Some of the biofuels, which show the most potential for maritime applications, are known as “drop-in” fuels, i.e. they can be used in existing engines designed to work with MGO or HFO. The main benefit of drop-in fuels is that they do not require significant engine modifications and have similar characteristics to traditional marine fuels. These are already partially in use as blends for traditional marine fuels to reduce emissions. In so far as they use waste products, this must be a good thing, but it is will not be the solution to making shipping carbon neutral.
The electrification of cars has sparked a lot of interest in the possibilities for marine application as well. However, it seems unlikely that we will see many purely electrically driven vessels, at least until fuel cell technology has been fully developed. The reason is simply the weight, space required and cost of batteries. However, the use of batteries in a hybrid system is already taking off. In 2020, there were 320 hybrid-powered vessels worldwide, most of which are ferries since they have easy access to shore power and usually focus on short, regular voyages. As port authorities get more restrictive about using onboard generators to produce electrical power once in port, batteries can be seen as part of the solution. Likewise, batteries can be used very successfully in dynamically positioned offshore support vessels. In the past, these vessels would, for safety reasons, have to run two engines on low loads whilst they waited on station. This is a very inefficient use of these engines both in terms of fuel consumption and maintenance costs. Fitting sufficient battery power to provide enough time to start the second engine means that these vessels can operate safely with only one engine running at a much more economical rate.
Besides reducing exhaust gas emissions, one of the biggest advantages of hybrid power is the flexibility to cover peak loads whilst manoeuvring. This is potentially useful for a traditional installation when sizing the required auxiliary generating power. It will be especially useful with fuel cells, which are efficient at producing a steady rate of electricity but are not so efficient with variable rates.
Of course, hybrid systems are more complex and more expensive than a traditional marine engine. The design and implementation of hybrid systems are still fairly new and design concepts require extensive testing to fine-tune and eliminate operational challenges. Whilst batteries are unlikely to replace the main propulsion unit on a vessel travelling long distances, they could find a place in optimising the energy consumption on vessels.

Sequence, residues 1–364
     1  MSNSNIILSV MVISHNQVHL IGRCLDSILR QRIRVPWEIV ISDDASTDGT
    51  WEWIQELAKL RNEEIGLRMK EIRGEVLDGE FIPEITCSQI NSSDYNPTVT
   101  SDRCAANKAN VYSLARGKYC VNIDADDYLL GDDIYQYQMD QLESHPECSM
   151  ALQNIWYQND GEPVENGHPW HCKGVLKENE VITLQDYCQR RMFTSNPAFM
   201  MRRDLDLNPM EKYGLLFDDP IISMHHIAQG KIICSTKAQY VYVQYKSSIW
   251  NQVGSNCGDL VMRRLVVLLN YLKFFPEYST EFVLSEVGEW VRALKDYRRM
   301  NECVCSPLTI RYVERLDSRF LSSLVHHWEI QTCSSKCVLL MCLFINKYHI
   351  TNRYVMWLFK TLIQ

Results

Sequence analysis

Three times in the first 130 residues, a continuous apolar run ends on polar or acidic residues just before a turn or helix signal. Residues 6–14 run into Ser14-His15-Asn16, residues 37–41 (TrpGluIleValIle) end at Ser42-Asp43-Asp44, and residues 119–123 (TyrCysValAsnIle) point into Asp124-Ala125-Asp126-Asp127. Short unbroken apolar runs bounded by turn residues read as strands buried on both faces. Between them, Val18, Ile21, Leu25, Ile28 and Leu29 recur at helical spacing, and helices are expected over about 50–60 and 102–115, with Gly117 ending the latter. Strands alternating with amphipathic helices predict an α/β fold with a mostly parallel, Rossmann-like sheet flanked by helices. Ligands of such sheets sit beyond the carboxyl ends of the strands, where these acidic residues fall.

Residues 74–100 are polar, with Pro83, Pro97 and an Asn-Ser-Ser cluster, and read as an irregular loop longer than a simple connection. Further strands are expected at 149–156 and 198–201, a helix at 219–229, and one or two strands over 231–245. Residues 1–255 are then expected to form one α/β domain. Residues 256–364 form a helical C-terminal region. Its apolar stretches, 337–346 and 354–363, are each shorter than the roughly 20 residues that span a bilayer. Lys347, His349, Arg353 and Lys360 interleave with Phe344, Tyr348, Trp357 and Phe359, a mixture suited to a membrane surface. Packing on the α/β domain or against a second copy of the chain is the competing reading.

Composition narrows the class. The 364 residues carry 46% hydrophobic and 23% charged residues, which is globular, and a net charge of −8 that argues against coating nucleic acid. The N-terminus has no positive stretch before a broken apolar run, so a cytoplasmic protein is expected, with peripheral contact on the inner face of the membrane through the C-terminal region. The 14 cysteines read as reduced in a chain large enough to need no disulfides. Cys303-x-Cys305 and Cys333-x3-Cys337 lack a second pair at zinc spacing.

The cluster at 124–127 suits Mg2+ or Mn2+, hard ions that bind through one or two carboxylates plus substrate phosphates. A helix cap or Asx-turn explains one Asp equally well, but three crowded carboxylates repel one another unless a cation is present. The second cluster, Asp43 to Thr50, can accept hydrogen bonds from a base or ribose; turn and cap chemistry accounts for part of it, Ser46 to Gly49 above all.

There are two major concerns with battery power. The first relates to safety and is the so-called thermal runaway – a short circuit within the battery that can lead to a fire. However, modern batteries have safety measures to reduce this risk. The second is that the current design of batteries uses rare minerals already used for car batteries, which may limit their use unless new technologies offer a solution.
Considerable efforts are devoted to developing carbon-neutral fuels. Hardly a day goes by without some announcement in this respect. However, it is not clear which of these fuels will come to predominate in the marine field.
Indeed, as you will see from the chart below, the assumption of ABS (and many other respected organisations) is that no one fuel will tick all the boxes with the result that the marine market for fuels will be much more varied than it is today. This presents both shipowners and fuel suppliers with difficult investment choices. And the same is, of course, true for our members.
The industry is committed to the path of decarbonisation and companies and institutions are actively looking into alternatives to traditional fuels. At the same time, there are ways to make traditional fuels cleaner. For example, the National Maritime Research Institute of Japan has found that carbon capture could reduce emissions up to 90% before 2028 even with traditional fuels. The captured CO2 can then be used to generate emission-free power for the grid.
The crucial point is the balance between price, availability, infrastructural requirements, environmental benefits and safety. The current technological opportunities allow the use of single fuels, dual fuels, carbon capture, and hybrid technology. Overall, it seems likely that LNG will take the lead for now despite the issues with methane slip. Ammonia and methanol show great potential whether injected into a reciprocating engine or used in a fuel cell. Biofuels and hybrid solutions will play their part, whilst hydrogen is most likely to be used within a regenerative process rather than as pure liquid hydrogen. However, the only thing we can say with certainty is that the future is uncertain.
We are now bracing to see what comes out of this race and what the marine engine will look like in 30 years.